There are many ways to make a perfectly poached egg. You’ve seen the fancy multi-part poaching pans and little plastic poaching cups, but you don’t really need any of that. All you need is a saucepan and a large slotted spoon. If you haven’t even tried poaching an egg before, it all sounds very frightening. (It isn’t!)
Or maybe you have tried it before and you ended up with a big mess. It’s ok, we’ve all done it. Apologize to the egg, read the tips below, and practice, practice, practice.
Experiment on husbands that don’t know the difference or save your poached egg failures for breakfast during the week. You can’t lose..
In order to get a nice rounded poached egg, you want fresh Grade AA eggs. The whites of fresh eggs hold together better as do eggs that are Grade AA. (You have one ingredient here people, do yourselves a favor and get the right one.)
Ok fine. If you tried (you did try, didn’t you?) but couldn’t find fresh Grade AA eggs, you can use old crappy eggs but add 1 tsp salt and 2 tsp distilled white vinegar per quart of water that you use. The vinegar speeds up coagulation, lending to a better rounded shape. However, don’t cheat and add vinegar for fresh eggs! You’ll end up with tough dull eggs.
The No-Overpriced-Poaching-Pan Method to a Perfectly Poached Egg
- Large slotted spoon or skimmer
- Bowl of ice water
- Bowl of warm water
- Small bowl to drop in eggs
- Fresh Grade AA eggs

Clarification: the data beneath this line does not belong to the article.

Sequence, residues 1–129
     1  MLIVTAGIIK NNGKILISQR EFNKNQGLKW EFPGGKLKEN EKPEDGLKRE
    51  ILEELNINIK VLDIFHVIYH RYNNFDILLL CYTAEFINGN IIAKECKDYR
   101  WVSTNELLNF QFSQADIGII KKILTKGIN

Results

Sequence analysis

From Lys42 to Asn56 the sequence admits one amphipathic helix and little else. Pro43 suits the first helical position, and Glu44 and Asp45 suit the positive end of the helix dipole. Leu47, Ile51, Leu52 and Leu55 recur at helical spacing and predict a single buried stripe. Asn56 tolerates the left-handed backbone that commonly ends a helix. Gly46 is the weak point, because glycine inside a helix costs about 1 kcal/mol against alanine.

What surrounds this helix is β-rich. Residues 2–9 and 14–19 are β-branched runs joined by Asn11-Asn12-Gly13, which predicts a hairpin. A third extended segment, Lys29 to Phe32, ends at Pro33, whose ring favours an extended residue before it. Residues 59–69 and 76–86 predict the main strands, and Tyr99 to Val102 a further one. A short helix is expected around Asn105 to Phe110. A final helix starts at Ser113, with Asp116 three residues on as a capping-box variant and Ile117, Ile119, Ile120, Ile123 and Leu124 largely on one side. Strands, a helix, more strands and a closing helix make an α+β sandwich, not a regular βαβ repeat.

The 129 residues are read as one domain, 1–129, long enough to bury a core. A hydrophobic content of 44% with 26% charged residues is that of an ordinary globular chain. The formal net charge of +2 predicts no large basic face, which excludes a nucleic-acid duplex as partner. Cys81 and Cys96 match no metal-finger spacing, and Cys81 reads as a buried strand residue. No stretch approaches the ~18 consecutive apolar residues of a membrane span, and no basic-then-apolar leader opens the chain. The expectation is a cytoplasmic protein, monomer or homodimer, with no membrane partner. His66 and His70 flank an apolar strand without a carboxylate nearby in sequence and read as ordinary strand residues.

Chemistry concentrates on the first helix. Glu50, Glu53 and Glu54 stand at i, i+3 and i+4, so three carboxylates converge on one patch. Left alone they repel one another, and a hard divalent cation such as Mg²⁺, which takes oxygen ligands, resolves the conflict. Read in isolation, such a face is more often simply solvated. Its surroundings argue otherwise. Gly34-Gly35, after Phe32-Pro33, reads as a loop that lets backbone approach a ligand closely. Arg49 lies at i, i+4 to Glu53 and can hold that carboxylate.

1. Fill a saucepan roughly 2/3rds full of water. You want enough water to maintain a hot temperature after adding the egg plus give the eggs enough elbow room to cook. (If you’re cheating and using old crappy eggs, add 1 tsp salt and 2 tsp vinegar per quart (4 cups) of water.) 2. Bring water to a slow simmer.
- If the water is simmering too fast, the eggs will be tough and the whites will spread and shred into oblivion.
- If the temperature is too low or you didn’t have enough water to maintain a simmer after adding cold eggs, the whites will spread before they start cooking. Sad, sad egg.
3. Prep your assembly line: cracked eggs, ice bath, and warm water bath.
4. Crack eggs individually into a small shallow bowls and slowly slide into the simmering water. The edge of the saucepan has less turbulent water than the center, so drop it in near the edge. The gentler you handle the egg, the better and for the love of god, don’t just drop it in there and expect magic.
5. The egg will likely slide a little and start to disperse. Using your slotted spoon, stop the egg from sliding and gently coax the whispy whites back to the yolk, as shown in the picture below. This will give the egg a better shape and help it cook more evenly.
6. Stand and impatiently watch the egg for ~2 minutes. The time can vary depending on initial water temperature, how many eggs you threw in, the egg size, and how cold they were.You want the whites to be visibly solidified but the whole yolk is still liquid. To see if they’re done, jiggle the spoon with the egg in it. If there are any white areas that jiggle just as much as the yolk does, it needs more time.
7. Gently remove the egg with a slotted spoon and briefly hold spoon over a paper towel or towel to drain excess water.
- If you need a couple minutes before serving, give it a quick dunk in an ice bath to stop it from cooking any further. Store in a bowl of warm water. If they have cooled off by the time you want to serve them, reheat them in slowly simmering water for 30-60 seconds (depending on how cold they are).
- If you need a lot of time before serving, give it a quick dunk in an ice bath then store refrigerated in cold water. Just before serving, reheat in simmering water for 60 seconds.
You’re looking for all of the whites to be cooked but the yolk runny. You shouldn’t see a layer of cooked yolk under the white.
If you see any liquid whites remaining, the egg is undercooked.
Now go practice your poached eggs with this recipe for Eggs Benedict!